Scott Boras represents both pitchers and can certainly make the case that Scherzer could be taken as high as #2 (behind Vanderbilt's David Price) in June, remaining firm in his bonus demands at or above the $3M mark rather than slot money of $2M or so (which apparently is the sum Arizona's GM Josh Byrnes has offered). Although the two sides have not spoken in a long while, the Diamondbacks have until May 31 to sign him. If they do, it wouldn't be the first time the club made a last-minute deal to acquire their #1 selection. Just two years ago, Arizona hooked up with Stephen Drew right before the deadline.

    If the Royals don't select Scherzer, he could go to the Washington Nationals at #6. Mike Rizzo, the Diamondbacks' former scouting director, joined the Nats last July and may push for taking Scherzer. Just how high Scherzer goes is likely to be a function of his pitching prowess between now and then, his health, and the amount of money agent Boras will demand this time around.

    - Rich Lederer, 5/6/07, 10:30 a.m. PST

  • Draft day came a month early for the Yankees when Roger Clemens announced to the fans from the press box in the bottom of the seventh inning that he was returning to the Bronx. Clemens reportedly agreed to a $28 million contract, pro rated to about $4.5M per month (or about $18M if he is on the roster on or about June 1).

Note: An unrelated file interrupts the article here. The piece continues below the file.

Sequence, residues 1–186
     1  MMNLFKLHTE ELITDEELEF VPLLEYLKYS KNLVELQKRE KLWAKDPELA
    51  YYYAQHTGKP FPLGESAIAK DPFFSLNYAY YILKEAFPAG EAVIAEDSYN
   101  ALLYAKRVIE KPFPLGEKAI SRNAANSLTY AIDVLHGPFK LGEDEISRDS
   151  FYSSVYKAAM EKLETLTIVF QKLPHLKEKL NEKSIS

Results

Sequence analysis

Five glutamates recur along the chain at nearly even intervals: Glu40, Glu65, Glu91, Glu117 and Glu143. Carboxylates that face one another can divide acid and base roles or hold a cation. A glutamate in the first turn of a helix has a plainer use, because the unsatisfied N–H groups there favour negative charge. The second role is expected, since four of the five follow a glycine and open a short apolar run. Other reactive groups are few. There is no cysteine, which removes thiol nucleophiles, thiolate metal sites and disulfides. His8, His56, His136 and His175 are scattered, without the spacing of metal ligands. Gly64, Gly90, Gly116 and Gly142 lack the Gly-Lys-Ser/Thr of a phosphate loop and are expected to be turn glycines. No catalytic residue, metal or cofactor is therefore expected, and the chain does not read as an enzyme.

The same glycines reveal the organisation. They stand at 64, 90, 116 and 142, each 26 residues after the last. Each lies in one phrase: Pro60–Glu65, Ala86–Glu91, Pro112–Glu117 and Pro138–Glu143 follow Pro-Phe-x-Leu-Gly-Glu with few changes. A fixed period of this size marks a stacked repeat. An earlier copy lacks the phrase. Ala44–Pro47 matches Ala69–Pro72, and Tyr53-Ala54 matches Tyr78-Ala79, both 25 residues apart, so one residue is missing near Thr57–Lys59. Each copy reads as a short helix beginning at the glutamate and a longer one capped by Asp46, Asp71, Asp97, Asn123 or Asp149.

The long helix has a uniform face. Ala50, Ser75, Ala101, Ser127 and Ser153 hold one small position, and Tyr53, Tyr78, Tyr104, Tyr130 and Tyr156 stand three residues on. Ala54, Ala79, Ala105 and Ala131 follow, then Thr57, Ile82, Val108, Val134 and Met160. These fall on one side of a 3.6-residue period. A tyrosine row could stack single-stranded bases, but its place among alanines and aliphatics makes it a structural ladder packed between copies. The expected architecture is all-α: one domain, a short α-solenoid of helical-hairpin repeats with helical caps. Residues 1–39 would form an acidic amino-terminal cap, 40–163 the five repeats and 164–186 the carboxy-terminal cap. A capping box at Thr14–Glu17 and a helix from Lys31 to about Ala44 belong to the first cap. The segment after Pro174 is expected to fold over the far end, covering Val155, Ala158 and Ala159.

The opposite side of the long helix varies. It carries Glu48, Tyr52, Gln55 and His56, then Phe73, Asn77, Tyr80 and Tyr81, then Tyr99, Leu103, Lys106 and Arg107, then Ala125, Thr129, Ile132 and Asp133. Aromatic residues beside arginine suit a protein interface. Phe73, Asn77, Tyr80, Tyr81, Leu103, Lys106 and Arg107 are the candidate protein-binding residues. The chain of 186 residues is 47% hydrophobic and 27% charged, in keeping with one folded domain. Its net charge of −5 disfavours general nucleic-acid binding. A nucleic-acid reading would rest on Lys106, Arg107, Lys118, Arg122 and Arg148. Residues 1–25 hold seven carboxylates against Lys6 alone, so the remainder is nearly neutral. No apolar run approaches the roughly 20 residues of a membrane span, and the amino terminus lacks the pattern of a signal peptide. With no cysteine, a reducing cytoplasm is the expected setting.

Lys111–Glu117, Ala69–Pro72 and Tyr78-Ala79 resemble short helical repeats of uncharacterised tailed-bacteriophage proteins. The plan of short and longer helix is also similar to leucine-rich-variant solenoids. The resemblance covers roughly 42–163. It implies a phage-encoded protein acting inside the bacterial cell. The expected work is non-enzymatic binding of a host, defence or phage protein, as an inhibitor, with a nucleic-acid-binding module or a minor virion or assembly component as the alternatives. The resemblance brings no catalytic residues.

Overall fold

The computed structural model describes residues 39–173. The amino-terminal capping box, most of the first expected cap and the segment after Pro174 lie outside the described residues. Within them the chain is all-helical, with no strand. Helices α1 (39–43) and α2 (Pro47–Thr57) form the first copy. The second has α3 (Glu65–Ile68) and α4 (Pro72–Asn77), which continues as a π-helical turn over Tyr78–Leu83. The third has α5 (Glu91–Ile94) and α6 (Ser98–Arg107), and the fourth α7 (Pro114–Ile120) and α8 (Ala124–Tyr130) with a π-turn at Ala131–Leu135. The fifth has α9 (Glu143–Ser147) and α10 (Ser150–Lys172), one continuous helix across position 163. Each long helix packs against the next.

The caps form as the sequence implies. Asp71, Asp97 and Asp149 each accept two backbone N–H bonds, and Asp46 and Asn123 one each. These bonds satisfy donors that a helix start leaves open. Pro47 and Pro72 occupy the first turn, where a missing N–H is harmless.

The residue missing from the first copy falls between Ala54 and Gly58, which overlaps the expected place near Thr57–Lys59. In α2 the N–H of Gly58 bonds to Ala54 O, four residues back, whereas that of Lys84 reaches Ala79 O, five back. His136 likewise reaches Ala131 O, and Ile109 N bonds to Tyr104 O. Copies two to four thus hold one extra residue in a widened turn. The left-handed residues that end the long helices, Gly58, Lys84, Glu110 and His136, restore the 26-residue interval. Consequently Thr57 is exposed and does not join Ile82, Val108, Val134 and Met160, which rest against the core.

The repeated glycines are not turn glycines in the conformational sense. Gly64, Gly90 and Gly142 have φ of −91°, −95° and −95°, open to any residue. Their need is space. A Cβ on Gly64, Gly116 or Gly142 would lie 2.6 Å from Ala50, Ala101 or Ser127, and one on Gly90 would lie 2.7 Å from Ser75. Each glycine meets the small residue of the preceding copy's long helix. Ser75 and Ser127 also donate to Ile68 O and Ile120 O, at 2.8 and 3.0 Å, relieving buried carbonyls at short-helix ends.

The seven-time Cy Young Award winner will be joining his buddy Andy Pettitte, Chien-Ming Wang, Mike Mussina, and eventually Phil Hughes in a starting rotation that could go from decimated to one of the best in a matter of a month or two. However, one note of caution is warranted: in five seasons with the Yankees the last time around, the Rocket's ERA ranged from 3.51-4.60 with an average of 3.99. Pitching to DHs rather than pitchers and to AL East opponents instead of NL Central, the 44-year-old is unlikely to match the numbers he put up in Houston the past three seasons.

    - Rich Lederer, 5/6/7, 3:45 p.m. PST

  • Comments

    It's too bad about Roger Clemens's ERA too. He finally got his career ERA down to 3.10, and was on pace to get it lower than Greg Maddux's if he stayed in the NL, but unless he can pitch like how he did in 1997, it's not going to happen. D: